Linguistics in Amsterdam 4-2 (september 2011)Magaly Grández Ávila: Language transparency in Functional Discourse Grammar: The case of Quechua1
3 Accounting for degrees of transparency between levels

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3.1 At the Interpersonal-Representational levels

The following properties between the Interpersonal-Representational levels are expected for Quechua to be considered a transparent language:

3.1.1 No cross-reference

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According to Hengeveld and Mackenzie (2008:350), cross-reference occurs when person marking on the verb is capable of referring by itself. Cross-referencing pronominal argument affixes can therefore be treated as the bound expression of Referential Subacts (Interpersonal Level). The lack of transparency, i.e. the absence of an ideally one-to-one mapping from level to level, arises due to the possibility for cross-referential markers to be expanded further by a lexically realized argument, leading to the occurrence of two Referential Subacts at the Interpersonal Level referring to a single argument at the Representational Level. Quechua obligatorily cross-references the arguments that are assigned the semantic function of Actor or the syntactic function of Subject. It may also cross-reference the Undergoer argument. As in (4), arguments may be further expanded by means of proper names, which are introduced at the Interpersonal Level:

(Weber, 1989: 10)

As pointed out by Hengeveld and Mackenzie (2008:350), the overt expression of arguments by means of lexical/pragmatic units apart from cross-referential markers on the verb should be considered as cases of apposition. Within the context of FDG, apposition is a phenomenon that violates the transparent one-to-one relation between pragmatic and semantic units. Thus, Quechua can be said to lack of transparency in this respect.

3.1.2 No apposition

Apart from the type of apposition mentioned above in relation to cross-reference, Quechua does bear a more structural type of apposition in which case the constituents involved correspond to Referential Subacts. When two or more Referential Subacts correlate with a single entity at the Representational Level, they are said to be in apposition to each other. As the following examples from Quechua show, the noun and modifier marked with an agreement suffix, -ta, correspond to two Referential Subacts in apposition which will be analysed at the Morphosyntactic Level accordingly, that is as two Noun Phrases. The linking between them is done at the Representational Level, where they are represented as one semantic unit bearing a particular semantic function (Undergoer).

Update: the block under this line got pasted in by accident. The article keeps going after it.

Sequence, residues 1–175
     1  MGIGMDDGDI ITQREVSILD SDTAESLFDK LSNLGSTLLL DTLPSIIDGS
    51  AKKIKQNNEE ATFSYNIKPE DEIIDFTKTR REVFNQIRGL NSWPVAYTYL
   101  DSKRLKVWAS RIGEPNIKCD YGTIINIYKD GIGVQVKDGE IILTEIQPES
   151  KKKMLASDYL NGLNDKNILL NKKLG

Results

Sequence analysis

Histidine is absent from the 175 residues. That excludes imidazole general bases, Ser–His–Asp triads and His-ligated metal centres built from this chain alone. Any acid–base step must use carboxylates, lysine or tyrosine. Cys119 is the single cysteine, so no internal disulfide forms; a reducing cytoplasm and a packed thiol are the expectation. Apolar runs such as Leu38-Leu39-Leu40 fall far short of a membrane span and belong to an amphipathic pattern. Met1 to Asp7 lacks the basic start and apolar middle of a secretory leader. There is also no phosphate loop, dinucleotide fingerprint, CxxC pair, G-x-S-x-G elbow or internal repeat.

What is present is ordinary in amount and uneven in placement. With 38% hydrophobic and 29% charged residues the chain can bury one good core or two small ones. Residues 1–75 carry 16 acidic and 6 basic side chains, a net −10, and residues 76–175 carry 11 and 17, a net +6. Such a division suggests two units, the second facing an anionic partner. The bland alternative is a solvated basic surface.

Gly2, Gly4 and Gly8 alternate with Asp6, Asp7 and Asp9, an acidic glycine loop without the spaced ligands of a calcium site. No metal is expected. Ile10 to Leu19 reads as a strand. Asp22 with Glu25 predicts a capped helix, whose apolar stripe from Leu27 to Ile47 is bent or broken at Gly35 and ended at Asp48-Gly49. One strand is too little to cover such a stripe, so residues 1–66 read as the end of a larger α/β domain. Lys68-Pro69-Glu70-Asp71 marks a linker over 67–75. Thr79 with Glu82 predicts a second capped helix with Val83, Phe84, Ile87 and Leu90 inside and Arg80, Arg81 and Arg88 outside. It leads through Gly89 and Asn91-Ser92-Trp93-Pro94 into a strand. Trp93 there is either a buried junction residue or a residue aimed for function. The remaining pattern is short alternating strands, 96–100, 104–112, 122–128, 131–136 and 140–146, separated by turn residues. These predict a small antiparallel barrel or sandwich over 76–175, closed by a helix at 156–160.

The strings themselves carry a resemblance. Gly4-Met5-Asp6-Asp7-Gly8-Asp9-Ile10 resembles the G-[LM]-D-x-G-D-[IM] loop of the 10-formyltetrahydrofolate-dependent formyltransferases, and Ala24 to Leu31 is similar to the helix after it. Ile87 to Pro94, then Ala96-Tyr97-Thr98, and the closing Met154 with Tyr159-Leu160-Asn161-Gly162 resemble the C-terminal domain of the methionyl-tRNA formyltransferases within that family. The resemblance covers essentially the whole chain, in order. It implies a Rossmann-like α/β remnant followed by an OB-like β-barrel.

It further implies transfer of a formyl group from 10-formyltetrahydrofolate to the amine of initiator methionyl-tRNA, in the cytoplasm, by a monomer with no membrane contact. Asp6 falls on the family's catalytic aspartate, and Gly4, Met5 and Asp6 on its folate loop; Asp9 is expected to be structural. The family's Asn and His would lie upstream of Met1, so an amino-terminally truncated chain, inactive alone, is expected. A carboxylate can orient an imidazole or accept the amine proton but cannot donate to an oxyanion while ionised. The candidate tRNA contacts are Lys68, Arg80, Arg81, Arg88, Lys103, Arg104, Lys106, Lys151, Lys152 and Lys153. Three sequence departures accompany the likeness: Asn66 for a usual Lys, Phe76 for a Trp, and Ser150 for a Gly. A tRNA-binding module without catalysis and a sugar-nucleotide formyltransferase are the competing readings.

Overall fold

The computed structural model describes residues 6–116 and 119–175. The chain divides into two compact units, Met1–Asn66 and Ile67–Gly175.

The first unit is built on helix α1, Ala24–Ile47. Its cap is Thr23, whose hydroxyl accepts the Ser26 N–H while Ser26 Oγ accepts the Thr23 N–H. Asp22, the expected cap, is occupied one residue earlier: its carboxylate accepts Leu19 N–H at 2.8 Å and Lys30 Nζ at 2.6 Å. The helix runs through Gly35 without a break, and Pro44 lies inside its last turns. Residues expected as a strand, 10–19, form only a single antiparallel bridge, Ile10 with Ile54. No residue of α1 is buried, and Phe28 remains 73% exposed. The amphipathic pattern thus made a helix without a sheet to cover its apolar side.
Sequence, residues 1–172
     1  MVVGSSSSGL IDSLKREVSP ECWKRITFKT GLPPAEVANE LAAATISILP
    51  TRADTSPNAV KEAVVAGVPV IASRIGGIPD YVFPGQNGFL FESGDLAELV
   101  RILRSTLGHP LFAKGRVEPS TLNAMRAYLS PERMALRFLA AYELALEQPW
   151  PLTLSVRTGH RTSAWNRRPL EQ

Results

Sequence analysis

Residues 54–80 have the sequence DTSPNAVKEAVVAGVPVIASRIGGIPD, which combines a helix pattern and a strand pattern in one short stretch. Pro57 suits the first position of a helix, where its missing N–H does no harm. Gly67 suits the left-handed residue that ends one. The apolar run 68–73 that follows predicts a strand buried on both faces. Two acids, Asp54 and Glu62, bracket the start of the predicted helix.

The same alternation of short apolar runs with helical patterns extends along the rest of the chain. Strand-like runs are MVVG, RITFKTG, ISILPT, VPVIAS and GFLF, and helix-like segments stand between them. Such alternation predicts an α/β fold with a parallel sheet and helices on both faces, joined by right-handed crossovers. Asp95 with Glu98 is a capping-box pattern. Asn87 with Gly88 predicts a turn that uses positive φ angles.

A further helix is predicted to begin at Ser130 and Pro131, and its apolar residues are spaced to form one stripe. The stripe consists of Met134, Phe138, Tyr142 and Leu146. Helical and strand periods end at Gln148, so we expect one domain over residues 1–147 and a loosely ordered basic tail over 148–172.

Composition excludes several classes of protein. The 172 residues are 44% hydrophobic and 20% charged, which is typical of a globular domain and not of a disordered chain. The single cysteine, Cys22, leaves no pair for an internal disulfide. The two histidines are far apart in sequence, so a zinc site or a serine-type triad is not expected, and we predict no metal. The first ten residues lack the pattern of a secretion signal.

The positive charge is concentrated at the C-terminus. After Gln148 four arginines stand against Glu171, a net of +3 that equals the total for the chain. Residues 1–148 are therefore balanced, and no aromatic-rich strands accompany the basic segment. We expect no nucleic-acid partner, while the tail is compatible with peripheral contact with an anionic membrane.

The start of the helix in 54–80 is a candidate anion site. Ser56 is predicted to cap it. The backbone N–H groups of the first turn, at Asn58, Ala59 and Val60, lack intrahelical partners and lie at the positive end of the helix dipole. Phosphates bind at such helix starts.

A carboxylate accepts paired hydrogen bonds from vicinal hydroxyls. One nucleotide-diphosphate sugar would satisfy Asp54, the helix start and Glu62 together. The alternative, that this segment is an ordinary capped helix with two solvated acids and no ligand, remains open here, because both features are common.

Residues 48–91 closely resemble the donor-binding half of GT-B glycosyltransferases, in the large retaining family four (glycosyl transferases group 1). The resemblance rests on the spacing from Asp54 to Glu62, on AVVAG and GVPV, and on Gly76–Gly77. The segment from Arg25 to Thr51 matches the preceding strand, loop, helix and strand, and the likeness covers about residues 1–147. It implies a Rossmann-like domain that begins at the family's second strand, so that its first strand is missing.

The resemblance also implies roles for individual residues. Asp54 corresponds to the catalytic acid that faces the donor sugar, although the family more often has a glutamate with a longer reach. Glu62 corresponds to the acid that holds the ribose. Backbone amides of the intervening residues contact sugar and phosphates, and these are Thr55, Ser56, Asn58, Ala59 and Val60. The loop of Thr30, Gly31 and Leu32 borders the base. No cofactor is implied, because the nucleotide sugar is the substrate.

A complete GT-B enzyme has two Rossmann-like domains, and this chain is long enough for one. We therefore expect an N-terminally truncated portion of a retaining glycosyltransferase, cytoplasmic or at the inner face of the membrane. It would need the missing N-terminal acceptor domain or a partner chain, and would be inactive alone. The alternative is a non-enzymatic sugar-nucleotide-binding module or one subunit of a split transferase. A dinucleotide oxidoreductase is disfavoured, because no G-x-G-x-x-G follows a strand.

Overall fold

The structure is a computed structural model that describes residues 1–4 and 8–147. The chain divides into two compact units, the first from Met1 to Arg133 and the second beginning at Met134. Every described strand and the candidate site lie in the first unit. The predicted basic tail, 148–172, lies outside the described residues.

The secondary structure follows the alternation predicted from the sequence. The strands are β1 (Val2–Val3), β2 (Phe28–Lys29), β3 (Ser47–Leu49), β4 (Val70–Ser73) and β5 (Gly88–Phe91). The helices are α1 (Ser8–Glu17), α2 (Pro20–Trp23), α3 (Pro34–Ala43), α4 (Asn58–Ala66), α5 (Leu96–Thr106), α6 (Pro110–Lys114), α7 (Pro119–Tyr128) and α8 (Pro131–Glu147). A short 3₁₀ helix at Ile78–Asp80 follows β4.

(Weber, 1989: 250)

Appositions need not to be yuxtaposed to one another, even if it overrides the semantic integrity of the unit denoting the entity at the Representational Level (see non-discontinuity in 3.2 below for further discussion), as the following examples show (Weber 1989:231):


The lack of a one-to-one correspondence between pragmatic and semantic units explains why appositions are not expected in transparent languages. Quechua is then not transparent in this respect.

3.1.3 No limitations on which semantic units can be chosen as predicates

In languages like English, there are certain restrictions concerning the semantic units that can be chosen as main predicates in a predication, which in this case must necessarily correspond to a verbal lexeme. As explained by Hengeveld and Mackenzie (2008: 392), in the absence of a verbal element at the Interpersonal Level or Representational Level in the realization of an Ascriptive Subact, English requires the insertion of a support-verb, such as the verbal copula ‘be’, at the Morphosyntactic Level, which will serve as the carrier of TMA distinctions strictly assigned to verbs in this language. The insertion of a support-verb at the Mophosyntactic Level to mitigate the mismatches at the higher levels of representation goes against the notion of transparency, understood in terms of a one-to-one mapping between units at all levels.

Following Weber (1989), Quechua characterizes for having two major open lexical classes, namely verbs and nouns, and a large open class of noun-adjectives[2]. As in English, verbal lexemes are generally used as main predicates within a predication frame. When other classes of lexemes rather than verbs are used predicatively then the insertion of a verbal copula at the Morphosyntactic Level is necessary, as the following examples show (Weber 1989: 24):


However, the insertion of the copula does not occur in cases in which an adjective/noun is used as a predicate in the present tense and third person singular, and further TMA specifications are unnecessary[3]. In these cases then, nouns and adjectives can directly be used as main predicates without the insertion of further operations at the Morphosyntactic Level, as shown in (11) and (12) below:

(Weber, 1989: 14)

Except for these cases, Quechua cannot be said to be fully transparent with respect to the type of semantic units that can be chosen as predicates, as these are generally restricted to verbal lexemes.